Access to affordable healthcare is a hot topic across the nation these days. If you are fortunate enough to have good employer sponsored health insurance right now, don’t make the mistake of becoming complacent. Once you reach your retirement years, everything changes with regard to healthcare. Like most seniors you may be looking forward to relying on Medicare to cover most healthcare needs; however, Medicare doesn’t cover everything. Specifically, Medicare won’t cover long-term care expenses. Consequently, you may need to qualify for Medicaid. Living trusts can help you do that. Specifically, creating a Medicaid trust now, as part of an overall Medicaid planning component within your estate plan, can help ensure continued access to crucial medical care in the future.
Long-Term Care and the Need to Qualify for Medicaid
Although you may prefer not to dwell on it, there is a strong possibility that you, or a spouse, will need long-term care (LTC) at some point during your retirement years. Of course there is no way to know with any certainty who will, and who won’t, end up in a LTC facility; however, statistics tell us that the odds increase with each passing year. When you reach retirement age, around age 65, you will already stand a 50 percent chance of eventually needing LTC at some point before the end of your life. Every year that passes, those odds go up. If you are fortunate enough to still be here at age 85, your odds of needing LTC will have increased to a 75 percent chance. Don’t forget, if you are married, your spouse shares the same odds of eventually need LTC.
The important issue with the need for LTC from an estate planning perspective is the cost of that care. Nationwide, the average cost of LTC in 2017 was about $6,500 per month. The State of Illinois is in line with the national average at $6,500 per month. With an average length of stay of 2.5 years, that puts an average LTC bill at about $200,000 right now. If you are in your 40s right now, however, it could be another 30 years before you need LTC. At an estimated cost of over $15,000 per month in 30 years, you would be looking at a LTC bill of well over $400,000 when you actually need LTC. How will you pay for that care?
Most retirees quickly learn to depend on Medicare to cover most of their healthcare expenses given the fact that almost all seniors qualify for Medicare automatically upon reaching retirement age. Unfortunately, however, Medicare will not cover LTC expenses. Neither will most basic health insurance policies. Unless you can afford to pay out of pocket, or you purchased a separate LTC insurance policy, Medicaid is likely your only hope for help covering your LTC bill. Because it is intended to help low income recipients, however, Medicaid uses both an income and an asset threshold that you cannot exceed if you wish to qualify. The asset limit is typically very low — $2,000 for an individual in most states. While some primary assets, such as your home or a single vehicle, are exempt, most seniors who have been saving for decades have assets that exceed the limit. Furthermore, the Medicaid rules prohibit the transfer of assets within the five-year period just prior to applying for benefits. This five-year “look-back” rule is one of the primary reasons why most people need to include Medicaid planning in their estate plan long before the need to qualify for Medicaid actually arises.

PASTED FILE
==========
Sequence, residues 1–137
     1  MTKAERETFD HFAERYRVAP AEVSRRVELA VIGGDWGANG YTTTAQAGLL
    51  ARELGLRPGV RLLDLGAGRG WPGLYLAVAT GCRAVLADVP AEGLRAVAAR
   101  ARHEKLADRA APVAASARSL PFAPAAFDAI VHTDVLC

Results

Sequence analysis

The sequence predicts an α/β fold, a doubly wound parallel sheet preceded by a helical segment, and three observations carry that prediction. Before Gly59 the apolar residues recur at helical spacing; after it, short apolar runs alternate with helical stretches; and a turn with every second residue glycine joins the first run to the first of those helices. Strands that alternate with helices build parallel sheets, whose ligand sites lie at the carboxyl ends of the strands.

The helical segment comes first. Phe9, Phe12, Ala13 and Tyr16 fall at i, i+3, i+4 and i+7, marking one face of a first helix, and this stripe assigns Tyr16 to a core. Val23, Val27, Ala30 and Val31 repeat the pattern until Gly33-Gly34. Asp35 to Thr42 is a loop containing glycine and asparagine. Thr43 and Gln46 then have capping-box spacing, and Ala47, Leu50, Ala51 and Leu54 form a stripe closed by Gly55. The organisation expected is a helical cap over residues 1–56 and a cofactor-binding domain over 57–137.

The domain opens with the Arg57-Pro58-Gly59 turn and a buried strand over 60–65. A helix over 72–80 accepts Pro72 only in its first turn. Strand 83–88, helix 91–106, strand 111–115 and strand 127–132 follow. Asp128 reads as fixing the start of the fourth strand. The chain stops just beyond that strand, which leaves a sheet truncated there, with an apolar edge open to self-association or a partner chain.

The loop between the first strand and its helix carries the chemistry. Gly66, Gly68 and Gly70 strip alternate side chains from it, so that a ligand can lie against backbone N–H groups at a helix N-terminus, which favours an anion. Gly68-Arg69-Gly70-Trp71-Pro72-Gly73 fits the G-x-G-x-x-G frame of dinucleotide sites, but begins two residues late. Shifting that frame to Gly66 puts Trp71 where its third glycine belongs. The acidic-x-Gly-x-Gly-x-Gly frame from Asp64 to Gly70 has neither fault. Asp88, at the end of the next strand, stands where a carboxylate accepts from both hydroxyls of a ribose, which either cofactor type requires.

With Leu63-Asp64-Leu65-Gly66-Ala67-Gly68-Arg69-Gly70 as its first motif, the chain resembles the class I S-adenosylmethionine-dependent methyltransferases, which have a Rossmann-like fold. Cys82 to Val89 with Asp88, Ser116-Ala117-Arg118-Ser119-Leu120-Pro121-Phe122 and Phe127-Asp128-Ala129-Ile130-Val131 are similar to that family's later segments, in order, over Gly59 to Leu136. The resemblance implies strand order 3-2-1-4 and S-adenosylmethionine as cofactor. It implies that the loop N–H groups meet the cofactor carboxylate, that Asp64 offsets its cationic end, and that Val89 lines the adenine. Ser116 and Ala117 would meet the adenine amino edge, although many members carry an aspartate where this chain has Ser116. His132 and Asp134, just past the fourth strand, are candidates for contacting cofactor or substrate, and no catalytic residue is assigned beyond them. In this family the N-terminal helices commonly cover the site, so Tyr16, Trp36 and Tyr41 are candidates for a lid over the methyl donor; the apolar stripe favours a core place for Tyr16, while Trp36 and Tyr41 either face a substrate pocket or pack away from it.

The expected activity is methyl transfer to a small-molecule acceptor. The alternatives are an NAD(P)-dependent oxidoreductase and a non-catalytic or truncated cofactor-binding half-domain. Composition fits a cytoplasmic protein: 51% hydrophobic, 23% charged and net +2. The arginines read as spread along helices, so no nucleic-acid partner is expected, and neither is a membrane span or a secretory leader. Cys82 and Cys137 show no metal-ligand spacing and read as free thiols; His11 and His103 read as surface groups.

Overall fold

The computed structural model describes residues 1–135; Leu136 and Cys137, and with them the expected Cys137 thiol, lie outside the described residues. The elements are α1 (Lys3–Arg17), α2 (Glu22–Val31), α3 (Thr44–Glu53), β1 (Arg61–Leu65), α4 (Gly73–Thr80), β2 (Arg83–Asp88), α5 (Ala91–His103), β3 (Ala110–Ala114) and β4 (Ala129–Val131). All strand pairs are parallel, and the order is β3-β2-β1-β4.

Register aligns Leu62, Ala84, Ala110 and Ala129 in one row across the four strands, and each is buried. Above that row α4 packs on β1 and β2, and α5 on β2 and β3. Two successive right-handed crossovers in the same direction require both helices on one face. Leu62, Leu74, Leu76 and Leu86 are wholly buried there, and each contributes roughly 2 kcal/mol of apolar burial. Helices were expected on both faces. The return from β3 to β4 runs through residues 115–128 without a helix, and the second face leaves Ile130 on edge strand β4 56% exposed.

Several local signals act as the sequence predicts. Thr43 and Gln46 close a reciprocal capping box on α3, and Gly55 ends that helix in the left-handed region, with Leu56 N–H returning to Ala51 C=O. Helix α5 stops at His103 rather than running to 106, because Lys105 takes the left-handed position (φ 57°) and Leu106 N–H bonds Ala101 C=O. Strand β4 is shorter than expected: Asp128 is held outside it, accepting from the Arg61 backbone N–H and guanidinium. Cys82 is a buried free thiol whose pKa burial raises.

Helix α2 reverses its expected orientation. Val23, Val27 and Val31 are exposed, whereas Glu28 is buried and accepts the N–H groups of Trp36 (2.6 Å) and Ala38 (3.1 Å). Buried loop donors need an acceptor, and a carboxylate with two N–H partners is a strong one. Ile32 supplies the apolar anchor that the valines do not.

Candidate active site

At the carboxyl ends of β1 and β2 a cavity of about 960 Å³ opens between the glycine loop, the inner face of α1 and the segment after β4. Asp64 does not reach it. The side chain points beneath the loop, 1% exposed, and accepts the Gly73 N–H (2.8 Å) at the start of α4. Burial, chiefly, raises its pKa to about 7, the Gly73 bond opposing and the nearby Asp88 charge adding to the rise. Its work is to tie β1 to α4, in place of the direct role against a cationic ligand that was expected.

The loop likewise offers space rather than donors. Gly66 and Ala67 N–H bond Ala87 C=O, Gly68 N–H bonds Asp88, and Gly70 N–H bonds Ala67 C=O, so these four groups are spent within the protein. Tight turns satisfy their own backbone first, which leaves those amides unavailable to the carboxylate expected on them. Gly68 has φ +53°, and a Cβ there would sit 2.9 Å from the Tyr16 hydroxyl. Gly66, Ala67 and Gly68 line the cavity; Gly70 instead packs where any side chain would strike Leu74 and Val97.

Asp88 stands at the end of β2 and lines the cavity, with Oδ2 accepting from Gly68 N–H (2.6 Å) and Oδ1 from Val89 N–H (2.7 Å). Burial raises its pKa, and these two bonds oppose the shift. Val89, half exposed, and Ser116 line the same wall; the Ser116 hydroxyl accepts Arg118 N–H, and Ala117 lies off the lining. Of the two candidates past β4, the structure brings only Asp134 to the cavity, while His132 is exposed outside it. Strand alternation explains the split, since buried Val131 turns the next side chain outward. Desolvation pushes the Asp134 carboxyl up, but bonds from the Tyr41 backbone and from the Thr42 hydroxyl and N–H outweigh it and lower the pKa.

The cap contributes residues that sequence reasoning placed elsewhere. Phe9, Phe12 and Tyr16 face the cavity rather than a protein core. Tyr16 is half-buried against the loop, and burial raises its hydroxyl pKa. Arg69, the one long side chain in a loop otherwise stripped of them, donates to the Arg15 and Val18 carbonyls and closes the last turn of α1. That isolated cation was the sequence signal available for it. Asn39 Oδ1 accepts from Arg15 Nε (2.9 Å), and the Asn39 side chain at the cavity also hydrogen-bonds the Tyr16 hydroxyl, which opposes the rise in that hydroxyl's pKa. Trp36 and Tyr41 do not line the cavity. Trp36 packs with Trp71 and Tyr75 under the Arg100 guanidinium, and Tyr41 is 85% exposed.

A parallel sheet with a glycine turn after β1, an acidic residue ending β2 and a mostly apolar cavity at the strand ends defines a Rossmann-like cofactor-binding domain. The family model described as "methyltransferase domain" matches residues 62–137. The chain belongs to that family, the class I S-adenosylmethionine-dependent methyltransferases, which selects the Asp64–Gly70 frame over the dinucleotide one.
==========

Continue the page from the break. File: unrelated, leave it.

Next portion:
How Can a Medicaid Trust Help?
If you have non-exempt assets that exceed the limit – and you probably do – one of the most common ways to protect those assets and still qualify for Medicaid is to create an irrevocable Medicaid trust. Once those assets are transferred into the trust they are no longer considered for the purpose of determining eligibility for Medicaid. Although you will no longer have access to the principal of the trust, you may benefit from interest earned by the trust. The assets owned by the trust will eventually be distributed to the named beneficiaries, such as your children.
Contact an Illinois Living Trusts Attorney
Please feel free to download our FREE estate planning worksheet. If you have questions or concerns regarding Medicaid trusts, contact an experienced Illinois living trusts attorney at Hedeker Law, Ltd. by calling (847) 913-5415 to schedule an appointment.
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